horse is injured or sick or pregnant, or maybe he's done a split and can't get up- you try to pull him
up by the tail. Or stick a two- by- four under him, try to pick him up. Or hit him with the shocker.
There are times we took a boning knife and stuck them in the rectum till they bleed to make them
get up."

"Does this happen much?"

"A lot," he replied. "Because he's holding up progress. Plus you don't want the other horses to
run all over him and trample him and bruise the meat up. So we'd take a hoist, put a chain around
the horse's neck and drag him all the way to the holding pen. Or if we kick a horse and he is 2D
-downed or disabled- and we can't move him, I'd slit his throat in the pens and let him bleed, cut
his nerves off at the back of his neck. Because you could work with him better when he's dead.
You can bend his legs and you ain't got to worry about being kicked. You can hold him and flip him
and drag him to the knocking box. Either way, as long as we can get him to the kill floor."

"What about the ones who can walk but don't want to go up to the chutes?" I asked.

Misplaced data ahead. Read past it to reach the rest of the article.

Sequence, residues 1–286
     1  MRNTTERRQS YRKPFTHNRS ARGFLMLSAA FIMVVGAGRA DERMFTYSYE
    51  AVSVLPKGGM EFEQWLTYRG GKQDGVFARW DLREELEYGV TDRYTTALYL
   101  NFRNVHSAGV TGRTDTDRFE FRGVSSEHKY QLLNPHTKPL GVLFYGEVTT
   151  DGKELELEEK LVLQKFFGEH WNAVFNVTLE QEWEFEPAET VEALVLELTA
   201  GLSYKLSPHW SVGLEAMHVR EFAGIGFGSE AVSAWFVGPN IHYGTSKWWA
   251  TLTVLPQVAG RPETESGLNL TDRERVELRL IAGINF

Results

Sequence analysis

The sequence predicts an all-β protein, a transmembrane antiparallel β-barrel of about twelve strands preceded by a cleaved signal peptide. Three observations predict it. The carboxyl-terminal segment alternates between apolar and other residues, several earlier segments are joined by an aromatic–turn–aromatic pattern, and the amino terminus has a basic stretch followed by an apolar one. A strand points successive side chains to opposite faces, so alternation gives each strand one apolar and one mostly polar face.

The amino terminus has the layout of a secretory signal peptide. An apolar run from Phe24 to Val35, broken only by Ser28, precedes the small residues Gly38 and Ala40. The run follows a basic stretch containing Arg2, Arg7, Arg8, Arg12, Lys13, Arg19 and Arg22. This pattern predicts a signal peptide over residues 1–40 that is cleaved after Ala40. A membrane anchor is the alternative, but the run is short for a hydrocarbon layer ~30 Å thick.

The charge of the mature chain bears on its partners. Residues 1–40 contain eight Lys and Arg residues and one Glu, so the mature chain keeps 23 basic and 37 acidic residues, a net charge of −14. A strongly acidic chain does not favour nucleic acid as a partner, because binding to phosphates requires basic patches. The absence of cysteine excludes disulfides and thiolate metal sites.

"All animals fear when they're going to die," he said. "If he don't want to go, if he falls down, they
beat him with pipes, kick them, hit them with pieces of wood, stick them with knives. If he still
won't move, you wrap a cable around his neck and drag them in with the hoist. You drag them
while they're still alive. Choke them to death."

"You've got to have something for whatever situation you're in," he continued. "You can't spend
fifteen or twenty minutes on one horse. You have to do whatever you can to get him in that box to
get him skinned- fast. You can't let one horse stop you from making money."

"See, the thing with a slaughterhouse, every piece of meat is valuable," Parrish said. "Every
horse is valuable. Like, a horse that dies out in the pen, maybe he's still warm. By law, that horse is
supposed to be condemned, cut up, and incinerated. Instead, we put him in the freezer so the
meat can be sold."

The buzzer rang. After the prisoner count, I asked Parrish how the slaughter went for horses who
walked into the knocking box.

"There's a certain way to shoot or knock an animal," he said. "I seen them shoot them five times,
hit them all in the eye. Hit them in the neck. I seen horses get shot wrong and get right back up
and walk around the kill floor, kind of dazed. And they run up on them and just hit them with the
knife in the neck, anywhere, and just let them suffer, walk around bleeding."

"Sometimes they can't get close enough with the knocking gun," he continued. "It didn't work